Significantly, this accessibility system comes without sacrificing the depth typical of the genre as players seeking a harder challenge are encouraged to go for higher rankings, where continuously chaining of combos is essential for higher scores. Heck, there’s even an S+ mode where the game will auto-restart the stage for you the very moment you make a mistake, either through dropping your chain or taking too much damage. This combination of gameplay mechanics allows the game to be accessible for newcomers, yet affords the depth and challenge that veterans of the genre will have come to expect.

This is also helped by the game being split into multiple 5 minute stages, rather than one endless campaign. For the less invested this allows people to easily jump in and out of the game, while contributing to their overall progress, yet for veterans this enables focused score optimization across very specific stages and enemy distributions, without being punished for a single mistake, 50 minutes in. Ultimately, it’s arguably a much more compelling score chasing game as a result, as you’re not going away with a feeling that you’ve wasted almost an hour of your time with a single mistake. Although, with this said, for those that appreciate lengthier, endurance style arcade gameplay, the game also offers a robust infinite arcade mode.

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In terms of replayability, each of the unlockable Android’s possess very unique playstyles, and even personalities, encouraging multiple playthroughs of the main campaign and endless mode to see how far you can get, or how well you can do, with each gameplay style. I’m not typically one to chase high scores but Assault Android Cactus compelled me to give the game a go with each of the various characters, figuring out strategies and techniques that might maximize my points, and best suit how I like to play the game.

There’s a story too, told through an introductory and closing sequence, and various dialogue points throughout the main campaign. I found the main characters surprisingly likeable considering how little each interaction you have with each, yet they manage to ooze personality through these brief intermissions as well as voiced dialogue that’s offered during gameplay. Despite the narratives simplicity I found it surprisingly compelling, almost making me want a sequel just to see what happens next with Cactus and her squad of androids.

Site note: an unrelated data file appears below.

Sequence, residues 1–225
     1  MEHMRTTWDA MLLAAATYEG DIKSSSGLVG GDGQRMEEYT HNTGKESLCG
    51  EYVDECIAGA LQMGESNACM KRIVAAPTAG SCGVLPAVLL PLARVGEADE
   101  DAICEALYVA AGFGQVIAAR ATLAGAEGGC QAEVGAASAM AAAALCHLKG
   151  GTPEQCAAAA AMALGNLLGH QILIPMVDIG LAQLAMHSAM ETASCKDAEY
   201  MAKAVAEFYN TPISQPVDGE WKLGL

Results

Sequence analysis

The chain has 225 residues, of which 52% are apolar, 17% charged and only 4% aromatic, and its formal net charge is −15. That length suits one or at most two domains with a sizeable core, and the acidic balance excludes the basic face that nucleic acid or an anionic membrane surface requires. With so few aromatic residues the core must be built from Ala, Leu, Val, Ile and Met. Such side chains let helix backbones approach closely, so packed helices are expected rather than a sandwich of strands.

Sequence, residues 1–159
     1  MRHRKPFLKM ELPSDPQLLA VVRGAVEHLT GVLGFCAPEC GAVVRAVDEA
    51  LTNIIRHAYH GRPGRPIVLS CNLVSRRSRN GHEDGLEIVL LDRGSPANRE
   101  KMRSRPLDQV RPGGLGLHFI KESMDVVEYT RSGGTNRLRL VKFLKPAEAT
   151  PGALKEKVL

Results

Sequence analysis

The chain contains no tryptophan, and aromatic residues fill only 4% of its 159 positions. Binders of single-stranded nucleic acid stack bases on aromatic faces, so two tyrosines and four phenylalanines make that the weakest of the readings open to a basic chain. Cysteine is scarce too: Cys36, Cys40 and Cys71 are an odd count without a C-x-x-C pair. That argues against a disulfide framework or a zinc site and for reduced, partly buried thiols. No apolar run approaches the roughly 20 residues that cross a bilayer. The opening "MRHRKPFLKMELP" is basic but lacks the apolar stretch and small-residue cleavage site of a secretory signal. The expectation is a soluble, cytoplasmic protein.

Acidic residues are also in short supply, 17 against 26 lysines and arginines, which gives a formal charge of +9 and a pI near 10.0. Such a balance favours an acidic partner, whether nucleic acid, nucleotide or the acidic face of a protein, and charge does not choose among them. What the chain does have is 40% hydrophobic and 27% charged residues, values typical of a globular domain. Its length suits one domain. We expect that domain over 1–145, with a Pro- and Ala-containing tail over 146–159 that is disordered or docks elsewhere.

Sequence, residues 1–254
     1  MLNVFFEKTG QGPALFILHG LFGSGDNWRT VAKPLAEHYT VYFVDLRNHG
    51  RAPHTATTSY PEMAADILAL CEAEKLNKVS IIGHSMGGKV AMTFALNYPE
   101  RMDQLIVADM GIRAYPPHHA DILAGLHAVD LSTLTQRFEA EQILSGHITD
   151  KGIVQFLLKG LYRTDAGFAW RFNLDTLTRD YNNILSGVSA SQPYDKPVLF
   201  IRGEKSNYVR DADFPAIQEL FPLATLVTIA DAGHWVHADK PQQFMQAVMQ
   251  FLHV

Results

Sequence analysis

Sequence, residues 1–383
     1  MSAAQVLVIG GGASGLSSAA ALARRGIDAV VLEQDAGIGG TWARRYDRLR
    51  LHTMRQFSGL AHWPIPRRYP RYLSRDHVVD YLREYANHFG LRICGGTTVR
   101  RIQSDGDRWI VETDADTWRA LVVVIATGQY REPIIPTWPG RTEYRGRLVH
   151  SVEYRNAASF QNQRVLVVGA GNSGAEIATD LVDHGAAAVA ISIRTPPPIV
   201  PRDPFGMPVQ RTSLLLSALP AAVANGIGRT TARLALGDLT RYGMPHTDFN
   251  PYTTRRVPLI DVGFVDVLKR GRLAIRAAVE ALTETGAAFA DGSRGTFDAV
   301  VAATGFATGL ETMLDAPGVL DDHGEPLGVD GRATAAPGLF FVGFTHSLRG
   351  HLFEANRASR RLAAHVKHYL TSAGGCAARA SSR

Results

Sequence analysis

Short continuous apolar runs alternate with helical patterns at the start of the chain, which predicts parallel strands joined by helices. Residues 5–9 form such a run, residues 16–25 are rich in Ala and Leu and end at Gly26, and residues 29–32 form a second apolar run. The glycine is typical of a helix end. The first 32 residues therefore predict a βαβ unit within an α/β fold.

The game also features an additional set of unlockable artwork and EX options for those that want to delve deeper. The EX options provide interesting quirks with settings like a static isometric camera, a first person shooter camera, various visual filters and other modifiers. Personally I found most of these options to be a little underwhelming, offering little merit to the core gameplay, and some of the filters were almost headache inducing, but it was fun to give them a whirl, before switching back to the already near perfect, default settings that the game has to offer.

Ultimately the core experience on offer here is an absolutely phenomenal one. Assault Android Cactus is an absolute blast for its campaigns duration. Through addictive gameplay, numerous modes, dynamic stages, character diversity and newcomer accessibility, Assault Android Cactus will keep you coming back for more for many hours to come. This is one of the most compelling arcade shoot ’em up packages we’ve ever played, an absolute must have on the Playstation 4 or PC.

newScore10

Author: Jozef Kulik